This article, written by Kerry Wright, first appeared on her website Millers Local, and gives a detailed account of the attack, plus some interesting insight.
A late morning Friday swim ended in tragedy when Jeffreys Bay local Burgert van der Westhuizen was fatally bitten by a large Great White. The attack occurred in the lower Point area, in the small bay where you’d normally kick out after a decent wave.
Initially eyewitnesses had thought there were two sharks involved in the incident. As the shark was so big (~5m) the distance between it’s tail and dorsal fins had created the impression of two sharks.
A local surfer, Terry Olivier, was paddling back from the Kabeljous on his kayak and when people waved & screamed to him from the rocks. He went nearer shore and was told that there’d just been an attack and could he go out and investigate. He found the victim lying face down in the water. He tried to retrieve the body but the shark would not let go despite him trying to push it away with his paddle. At this stage Olivier realised that the victim was deceased and that the aggravated shark posed a possible threat to him. Olivier said that the shark was bigger than his kayak – which is 5m long.
He turned and paddled back to shore quickly. Eye witnesses report the shark followed Olivier’s kayak as he paddled in. The NSRI were quickly on the scene and circled the body with a jetski to keep the shark away so that they could retrieve the remains.
This is the first fatal shark attack in the PE/JBay/St Francis area.
Burgert was a keen long distance swimmer and had been on his regular swim route along the backline from Supers down to the beach after Albatross. Conditions were clean with good visibility.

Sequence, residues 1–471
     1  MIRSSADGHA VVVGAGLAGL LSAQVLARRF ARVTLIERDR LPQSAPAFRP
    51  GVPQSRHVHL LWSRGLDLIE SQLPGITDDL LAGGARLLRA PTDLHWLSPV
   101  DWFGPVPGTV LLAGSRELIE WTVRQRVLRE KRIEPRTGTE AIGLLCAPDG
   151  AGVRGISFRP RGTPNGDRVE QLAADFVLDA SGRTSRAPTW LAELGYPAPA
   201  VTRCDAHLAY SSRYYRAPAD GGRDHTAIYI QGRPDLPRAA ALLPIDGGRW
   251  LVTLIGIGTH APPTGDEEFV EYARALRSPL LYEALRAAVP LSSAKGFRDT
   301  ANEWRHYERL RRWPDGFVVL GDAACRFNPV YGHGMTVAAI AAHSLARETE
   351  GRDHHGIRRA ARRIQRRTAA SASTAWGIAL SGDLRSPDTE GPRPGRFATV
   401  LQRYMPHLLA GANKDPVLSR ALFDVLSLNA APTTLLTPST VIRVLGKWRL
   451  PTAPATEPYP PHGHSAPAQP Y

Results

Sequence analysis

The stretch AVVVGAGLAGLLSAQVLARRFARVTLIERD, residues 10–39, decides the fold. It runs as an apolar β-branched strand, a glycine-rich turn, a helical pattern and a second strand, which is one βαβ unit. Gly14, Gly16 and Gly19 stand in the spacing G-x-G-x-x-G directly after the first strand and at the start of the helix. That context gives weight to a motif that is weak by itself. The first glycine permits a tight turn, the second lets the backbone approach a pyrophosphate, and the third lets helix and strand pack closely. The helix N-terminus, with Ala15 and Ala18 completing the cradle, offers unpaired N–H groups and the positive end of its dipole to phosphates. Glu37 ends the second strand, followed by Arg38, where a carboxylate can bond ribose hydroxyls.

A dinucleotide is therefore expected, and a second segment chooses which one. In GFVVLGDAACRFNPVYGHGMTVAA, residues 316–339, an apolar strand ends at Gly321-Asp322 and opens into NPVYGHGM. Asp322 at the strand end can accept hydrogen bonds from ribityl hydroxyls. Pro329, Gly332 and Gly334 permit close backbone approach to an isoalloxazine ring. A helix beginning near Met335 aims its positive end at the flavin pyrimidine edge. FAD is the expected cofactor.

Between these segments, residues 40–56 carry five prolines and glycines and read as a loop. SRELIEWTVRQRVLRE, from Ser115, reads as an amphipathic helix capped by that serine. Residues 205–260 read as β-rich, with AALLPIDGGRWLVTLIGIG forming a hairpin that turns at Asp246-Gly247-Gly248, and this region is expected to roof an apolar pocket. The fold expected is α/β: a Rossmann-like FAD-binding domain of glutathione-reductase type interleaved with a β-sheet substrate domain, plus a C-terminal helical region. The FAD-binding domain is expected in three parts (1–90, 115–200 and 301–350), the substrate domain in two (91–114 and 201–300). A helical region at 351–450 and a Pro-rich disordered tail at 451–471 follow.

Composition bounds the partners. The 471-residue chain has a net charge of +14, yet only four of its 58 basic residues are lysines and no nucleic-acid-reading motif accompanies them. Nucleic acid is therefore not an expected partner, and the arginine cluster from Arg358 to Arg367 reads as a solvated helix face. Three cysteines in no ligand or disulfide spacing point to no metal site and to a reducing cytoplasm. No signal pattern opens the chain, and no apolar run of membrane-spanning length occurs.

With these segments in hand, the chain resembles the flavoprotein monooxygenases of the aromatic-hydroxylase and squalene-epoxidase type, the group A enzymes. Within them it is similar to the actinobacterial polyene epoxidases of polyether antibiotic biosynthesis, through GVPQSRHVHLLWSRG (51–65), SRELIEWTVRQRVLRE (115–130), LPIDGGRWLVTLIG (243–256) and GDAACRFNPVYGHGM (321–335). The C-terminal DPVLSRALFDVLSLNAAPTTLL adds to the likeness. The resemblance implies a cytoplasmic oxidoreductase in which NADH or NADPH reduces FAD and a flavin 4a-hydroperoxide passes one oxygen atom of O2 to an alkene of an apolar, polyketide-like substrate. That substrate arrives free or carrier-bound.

Local surfer Garth Robinson said that there has been a whale calving in the bay for a week which has been very close to the beach. It has been followed by 2 seals waiting for the afterbirth. This may have drawn the shark into the area.
I spoke with local shark expert Dr Matt Dicken about the incident. Dr Dicken said that whites hunt visually as well as by smell, so it is not unusual for them to attack in clean conditions – as this assists them in locating their prey.
He also pointed out that studies on white shark behaviour in both Algoa Bay and Cape Town have shown that seasonally, more white sharks were recorded inshore during September/October than any other months. Helicopter and shore angling surveys of the beaches also seem to support the observation that they’re more common close inshore during spring and summer.
The recent stats released for the 9 month recording period for the 3 listening stations off Kings Beach, Humewood slipway & Something Good shows 9 great whites were detected in the between May 2012 and January 2013. Most of the sharks were detected in September (6 of the 9).
Shark attack statistics for South Africa show that most of the recorded incidents actually occurred during the November/December/January period. Since 1913 there have been 532 recorded human/shark encounters, 96 of these being fatal (18%).
There have been four fatal shark attacks in the last three years. Two at Port St Johns, with Liya Sibila and Lungisoni Msungubana losing their lives, David Lillienfeld was killed at Caves in Koeel Bay last year, and Tim van Heerden was fatally attacked at Lookout at Plett in 2011.
Friday’s fatal attack is an absolute tragedy, and heartfelt condolences to Burgert’s family and friend’s.
Let’s remember that although shark attacks do happen, thankfully they are rare. The minute our feet leave the sand we are entering a marine world of which we are not the apex. We accept the inherent risks every time we paddle or swim out.
Interview with Terry Olivier – Kayaker at the scene